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Linux Kernel Diverts Question To Distros: Trust CPU Hardware Random Number Generators?

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  • #21
    /dev/urandom is already quite slow and it has nothing to do with the entropy source. You can get better throughput with OpenSSL running AES in CTR mode entirely in userspace.

    /dev/urandom should provide crypto-grade random numbers and should block if it has not been seeded with a minimum amount of entropy.

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    • #22
      Originally posted by edgmnt View Post
      /dev/urandom should provide crypto-grade random numbers and should block if it has not been seeded with a minimum amount of entropy.
      Did you mean /dev/random? urandom doesn't block. Anyway, urandom is perfectly fine for crypto purposes, /dev/random is quite silly, but there's enough of that proven online I'm not going to bother here anymore.

      Basically it boils down to:
      • Quality random numbers
      • Fast "random" number generation
      Pick one.

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      • #23
        Originally posted by Weasel View Post
        String concatenation? What?

        You clearly missed the most obvious and common one though: XOR.
        Xor, add 2.5, multiply by 10^8, it's still just one bit of entropy.

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        • #24
          Originally posted by Weasel View Post
          Did you mean /dev/random? urandom doesn't block. Anyway, urandom is perfectly fine for crypto purposes, /dev/random is quite silly, but there's enough of that proven online I'm not going to bother here anymore.

          Basically it boils down to:
          • Quality random numbers
          • Fast "random" number generation
          Pick one.
          No, I really mean /dev/urandom. There's a bit of confusion on this topic, so let me clarify: /dev/random blocks when you try to read more than the available entropy (which counts as "consumed"), while /dev/urandom does not. But both should block if the entropy pool hasn't been initialized properly with a minimum amount of entropy in the first place. No CSPRNG is secure with a predictable (zero entropy) initial state/seed, which is why it needs to block. If /dev/urandom doesn't block at all (last time I look it only printed a warning), then it's horribly broken.

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          • #25
            Originally posted by edgmnt View Post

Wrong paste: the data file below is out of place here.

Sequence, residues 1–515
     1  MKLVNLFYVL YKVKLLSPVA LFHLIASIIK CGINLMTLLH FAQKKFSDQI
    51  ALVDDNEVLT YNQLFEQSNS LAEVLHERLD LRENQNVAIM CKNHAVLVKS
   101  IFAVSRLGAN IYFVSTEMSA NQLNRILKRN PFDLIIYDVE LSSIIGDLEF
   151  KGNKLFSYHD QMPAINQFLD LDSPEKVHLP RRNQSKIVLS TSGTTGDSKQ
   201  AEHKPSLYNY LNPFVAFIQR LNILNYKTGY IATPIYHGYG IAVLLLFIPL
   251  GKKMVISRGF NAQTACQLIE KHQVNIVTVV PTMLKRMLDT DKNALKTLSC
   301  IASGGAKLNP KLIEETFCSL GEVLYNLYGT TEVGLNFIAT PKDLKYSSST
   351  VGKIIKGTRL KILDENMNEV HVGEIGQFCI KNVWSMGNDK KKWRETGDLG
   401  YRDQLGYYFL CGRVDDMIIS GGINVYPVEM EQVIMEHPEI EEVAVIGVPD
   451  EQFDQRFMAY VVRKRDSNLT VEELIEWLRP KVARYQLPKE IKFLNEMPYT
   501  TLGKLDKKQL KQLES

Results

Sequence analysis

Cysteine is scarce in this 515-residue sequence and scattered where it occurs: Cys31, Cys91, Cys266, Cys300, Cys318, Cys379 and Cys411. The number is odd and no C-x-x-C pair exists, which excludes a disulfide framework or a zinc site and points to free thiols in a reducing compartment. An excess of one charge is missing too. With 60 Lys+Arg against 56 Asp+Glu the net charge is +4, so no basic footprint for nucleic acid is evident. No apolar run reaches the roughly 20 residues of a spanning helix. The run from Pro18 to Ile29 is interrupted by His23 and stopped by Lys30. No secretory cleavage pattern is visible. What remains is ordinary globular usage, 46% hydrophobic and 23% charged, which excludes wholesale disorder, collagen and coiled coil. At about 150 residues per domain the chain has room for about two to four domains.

No, I really mean /dev/urandom. There's a bit of confusion on this topic, so let me clarify: /dev/random blocks when you try to read more than the available entropy (which counts as "consumed"), while /dev/urandom does not. But both should block if the entropy pool hasn't been initialized properly with a minimum amount of entropy in the first place. No CSPRNG is secure with a predictable (zero entropy) initial state/seed, which is why it needs to block. If /dev/urandom doesn't block at all (last time I look it only printed a warning), then it's horribly broken.
            How is that possible?

            Doesn't Linux (or systemd, whatever) save the previous seed on boot (and shutdown) and reload it next time it's booted?

            Even on read-only media, it should still have a unique seed that's never shared, ever.

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            • #26
              Originally posted by Weasel View Post
              How is that possible?

              Doesn't Linux (or systemd, whatever) save the previous seed on boot (and shutdown) and reload it next time it's booted?
              Consider install media, for example. You can't just distribute the same pre-seeded ISO to everybody (the seed won't be secret anymore), although you could tell them to use a tool to pre-seed the CD / USB drive before booting it.

              Although you can generate a fresh seed in almost every case I can think of, people just don't bother in practice. This is why they keep complaining about blocking for entropy at boot time.

              Originally posted by Weasel View Post
              Even on read-only media, it should still have a unique seed that's never shared, ever.
              A unique seed isn't quite enough. It also needs to be secret and you can't reuse it on every boot. You do need a RNG if you have no persistent writable storage whatsoever.

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              • #27
                Originally posted by edgmnt View Post
                Consider install media, for example. You can't just distribute the same pre-seeded ISO to everybody (the seed won't be secret anymore), although you could tell them to use a tool to pre-seed the CD / USB drive before booting it.
                Yeah, you're right, I forgot about shared install media.

                Unique seed is definitely enough if it's not shared (i.e. secret and only for a single device). That's what I meant there, but that's not possible on install media I guess. :-)

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